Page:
What is a process stage?
For any process in your business, it is likely that there are specific steps that need to be taken and each of those steps takes time to complete. The time it takes to complete a specific part of the process could be considered a stage.
For example, if you're an accounting firm you may have a process around doing tax returns that looks like this:
Stage 1: Onboard new customer.
Stage 2: Wait for the customer to submit all tax documentation.
Stage 3: Confirm documentation is complete.
Stage 4: Complete tax return and submit to the tax department.
Another example of a process could be when an employee submits a request to purchase a large asset and might look something like this:
Stage 1: Purchase request details sent to the manager and are awaiting approval.
Stage 2: Purchase request details sent to the finance department and are awaiting approval.
Stage 3: Purchase order is generated by the PO team.
Stage 4: Waiting for invoice to be generated by seller.
Stage 5: Payment is completed.
The stages of a process can be as broad or as granular as you like, it is up to you to define the process you need for your circumstance. The main thing for being able to track the time of each stage with the method below is to:
a) Have a defined event that moves your ticket between stages. For example, the instant a purchase request is approved by a manager, it is both automatically sent to the finance department and moved from stage 1 to stage 2.
b) Each of your stages takes place in chronological order.
How to set up and track the stages of a process.
Throughout the rest of this article, you'll learn how to map each part of a process to a dropdown field that labels the stage.
Once this is done you'll not only be able to build reports in Zendesk Explore to measure how long it's taking each stage to complete, but you can also use this to build Zendesk views to see how many tickets are in a particular stage at any time.
Here's a video overview of how this can work and can be set up:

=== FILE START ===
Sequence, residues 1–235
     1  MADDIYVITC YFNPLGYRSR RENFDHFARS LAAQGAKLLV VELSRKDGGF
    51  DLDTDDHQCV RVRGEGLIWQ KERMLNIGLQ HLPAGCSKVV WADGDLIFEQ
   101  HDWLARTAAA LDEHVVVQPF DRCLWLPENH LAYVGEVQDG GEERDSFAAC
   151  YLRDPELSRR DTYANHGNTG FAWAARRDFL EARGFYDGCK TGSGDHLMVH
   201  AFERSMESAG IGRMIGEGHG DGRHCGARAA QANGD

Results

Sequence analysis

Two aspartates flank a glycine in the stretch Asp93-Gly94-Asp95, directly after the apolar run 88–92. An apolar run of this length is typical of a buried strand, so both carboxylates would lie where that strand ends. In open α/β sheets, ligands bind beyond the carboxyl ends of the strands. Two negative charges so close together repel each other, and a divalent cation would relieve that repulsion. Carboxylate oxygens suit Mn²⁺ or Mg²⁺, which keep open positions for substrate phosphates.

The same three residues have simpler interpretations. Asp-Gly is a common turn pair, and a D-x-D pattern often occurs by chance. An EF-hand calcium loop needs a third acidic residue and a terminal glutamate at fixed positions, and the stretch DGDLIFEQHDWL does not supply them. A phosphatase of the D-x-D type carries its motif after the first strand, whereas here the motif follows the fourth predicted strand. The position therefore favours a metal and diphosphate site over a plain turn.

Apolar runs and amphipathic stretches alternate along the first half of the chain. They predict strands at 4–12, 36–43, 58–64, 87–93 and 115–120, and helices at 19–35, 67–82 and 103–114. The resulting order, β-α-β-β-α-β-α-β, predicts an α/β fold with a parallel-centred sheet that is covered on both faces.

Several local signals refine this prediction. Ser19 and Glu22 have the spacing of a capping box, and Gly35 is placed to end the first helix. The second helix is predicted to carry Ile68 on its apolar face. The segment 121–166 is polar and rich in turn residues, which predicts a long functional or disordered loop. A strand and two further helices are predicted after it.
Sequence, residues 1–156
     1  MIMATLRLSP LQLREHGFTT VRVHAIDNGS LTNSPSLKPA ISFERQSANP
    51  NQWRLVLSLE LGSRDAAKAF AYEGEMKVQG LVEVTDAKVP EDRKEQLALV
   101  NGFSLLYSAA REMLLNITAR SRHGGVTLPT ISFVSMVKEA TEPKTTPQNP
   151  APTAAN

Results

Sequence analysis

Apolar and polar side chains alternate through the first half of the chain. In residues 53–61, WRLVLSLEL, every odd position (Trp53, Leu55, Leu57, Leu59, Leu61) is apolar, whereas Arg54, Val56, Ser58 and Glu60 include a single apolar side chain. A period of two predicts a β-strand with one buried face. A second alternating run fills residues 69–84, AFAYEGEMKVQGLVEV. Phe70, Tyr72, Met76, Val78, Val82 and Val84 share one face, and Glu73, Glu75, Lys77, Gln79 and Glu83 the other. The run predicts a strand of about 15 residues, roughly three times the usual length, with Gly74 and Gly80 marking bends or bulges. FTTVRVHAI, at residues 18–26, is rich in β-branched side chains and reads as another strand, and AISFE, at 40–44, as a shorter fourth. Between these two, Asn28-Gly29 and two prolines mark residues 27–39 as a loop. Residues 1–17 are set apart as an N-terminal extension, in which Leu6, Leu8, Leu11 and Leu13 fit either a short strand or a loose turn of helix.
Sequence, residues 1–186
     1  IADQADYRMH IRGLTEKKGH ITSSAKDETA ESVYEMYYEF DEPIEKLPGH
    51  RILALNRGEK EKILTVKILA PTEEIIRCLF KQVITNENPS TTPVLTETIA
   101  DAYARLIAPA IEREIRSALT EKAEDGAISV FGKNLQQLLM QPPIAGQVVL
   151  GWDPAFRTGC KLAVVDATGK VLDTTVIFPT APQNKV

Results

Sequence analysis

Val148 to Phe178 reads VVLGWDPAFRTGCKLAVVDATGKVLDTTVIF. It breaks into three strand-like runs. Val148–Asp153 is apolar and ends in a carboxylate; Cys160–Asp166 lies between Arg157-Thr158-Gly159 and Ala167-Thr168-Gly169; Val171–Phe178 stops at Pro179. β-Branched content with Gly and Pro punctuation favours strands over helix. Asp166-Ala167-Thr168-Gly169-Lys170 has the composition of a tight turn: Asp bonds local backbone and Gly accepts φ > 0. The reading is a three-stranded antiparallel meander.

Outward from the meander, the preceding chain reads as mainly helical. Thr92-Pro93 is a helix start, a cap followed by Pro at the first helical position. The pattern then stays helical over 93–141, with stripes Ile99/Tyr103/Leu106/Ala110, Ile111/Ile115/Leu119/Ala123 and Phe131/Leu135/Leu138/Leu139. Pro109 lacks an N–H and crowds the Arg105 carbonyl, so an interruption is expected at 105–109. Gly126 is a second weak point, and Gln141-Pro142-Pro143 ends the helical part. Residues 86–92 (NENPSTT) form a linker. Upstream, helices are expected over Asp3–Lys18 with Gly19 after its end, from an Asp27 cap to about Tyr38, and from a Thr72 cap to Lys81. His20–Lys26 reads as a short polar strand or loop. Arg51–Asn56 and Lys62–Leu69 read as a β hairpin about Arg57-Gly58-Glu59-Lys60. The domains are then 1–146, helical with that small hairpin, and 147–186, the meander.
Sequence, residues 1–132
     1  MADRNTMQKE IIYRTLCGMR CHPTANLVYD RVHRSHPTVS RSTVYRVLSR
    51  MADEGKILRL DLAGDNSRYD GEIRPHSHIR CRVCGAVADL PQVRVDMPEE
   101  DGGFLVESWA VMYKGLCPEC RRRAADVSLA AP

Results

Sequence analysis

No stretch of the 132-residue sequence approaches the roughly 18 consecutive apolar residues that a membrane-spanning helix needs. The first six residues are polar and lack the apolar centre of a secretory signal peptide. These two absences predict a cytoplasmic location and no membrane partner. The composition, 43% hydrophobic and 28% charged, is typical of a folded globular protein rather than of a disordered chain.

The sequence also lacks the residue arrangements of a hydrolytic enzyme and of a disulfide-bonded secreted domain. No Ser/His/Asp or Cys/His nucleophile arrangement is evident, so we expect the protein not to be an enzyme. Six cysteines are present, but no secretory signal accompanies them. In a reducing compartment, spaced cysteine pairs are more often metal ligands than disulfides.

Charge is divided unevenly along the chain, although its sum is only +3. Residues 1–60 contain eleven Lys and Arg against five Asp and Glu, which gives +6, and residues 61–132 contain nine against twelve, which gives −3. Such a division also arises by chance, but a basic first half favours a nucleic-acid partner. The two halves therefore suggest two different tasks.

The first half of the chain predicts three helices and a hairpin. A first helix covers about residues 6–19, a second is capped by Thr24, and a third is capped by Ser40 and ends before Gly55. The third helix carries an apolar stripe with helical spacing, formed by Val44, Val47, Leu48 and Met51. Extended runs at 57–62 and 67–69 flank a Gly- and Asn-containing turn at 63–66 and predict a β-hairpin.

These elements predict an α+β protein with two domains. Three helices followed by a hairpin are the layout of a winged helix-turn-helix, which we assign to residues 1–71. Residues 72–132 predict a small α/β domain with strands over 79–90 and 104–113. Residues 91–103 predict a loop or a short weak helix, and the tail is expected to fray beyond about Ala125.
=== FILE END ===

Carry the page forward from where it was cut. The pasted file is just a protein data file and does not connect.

The steps to building this phase are:
1. Create the stage dropdown field in Zendesk.
To create a dropdown field click the cog icon on the left of the screen and then under Ticket Fields click on Add field at the top right-hand side.
Then select the Drop-down option.
Give the field a name like 'Stage' or 'Phase' and start adding Field Values at the bottom for the different stages. Be sure to note the tags associated with each value because you'll need to know these to be able to automatically set these later. Once you're happy with your field settings click on Save at the bottom right.
2. Create the process whereby the stage field is automatically set based on the settings of the ticket.
This step is the most open to interpretation since there is an infinite amount of ways a process can flow. The idea behind this step is that when the thing happens on a ticket that you want to trigger moving to the next stage, you add the tag associated with that stage (that you just created in step 1) and it will automatically set the dropdown field.
A simple example of this might be creating a Zendesk trigger that checks when a ticket is created and adds the tag "stage_1".
One of the examples used in the video above is that when a particular task list is added (as part of the SweetHawk Tasks app), you can specify a tag to be added. To do this you can simply click into the Tasks app on the left of the screen. Then go into the desired task list and click edit at the top like this:
Once in the settings, there is a spot to define the tag as seen below:
But these are just a couple of ways you can inject a tag onto a ticket at the opportune time. For more information on how to automatically apply tags to tickets see point 2 in this Zendesk tips and tricks blog post.
3. Create a report over in Zendesk Explore to measure the time in each stage.
Once you've setup your process flow in Zendesk Support and you're happy how its works you can then move to build a report over in Zendesk Explore.
To do this at the top right of the screen click into Explore like this:
Then in the queries section on the left, click on New query on the right.
Next select Support -> Ticket updates -> Support: Ticket updates [default] -> New Query like this:
Then on the right click on the calculator icon and select Standard calculated metric like this:
Then give the metric a name. For example Stage 1 (Hrs), and in the formula section copy and paste in this code:
IF ([Changes - Field name] = "Stage" AND [Changes - Previous value]= "stage_1")
THEN VALUE(Field changes time (min))/60
Note: The name of the field should match the name of the dropdown field you created as part of step 1 of this article. If you gave it a different name than "Stage" you'll need to alter the formula. This also goes for the tag name for stage_1.
It should look something like this:
Now simply click on Save at the bottom.
Now to add this metric to your query click on Add > next to metrics at the top left and do a search for the metric you just created. You'll need to set the aggregator. You can set this to SUM or AVG depending on the type of report you're trying to create.
Finally, click Apply at the bottom.
Repeat this process for setting up as many metrics as you have as stages.
Finally, select how you want to slice your report by making a selection in under Columns. For example here is a demo report slicing by the assignee...
But you can slice the report by anything you like, for example, Update - Month / Update Year or Ticket solved - Month.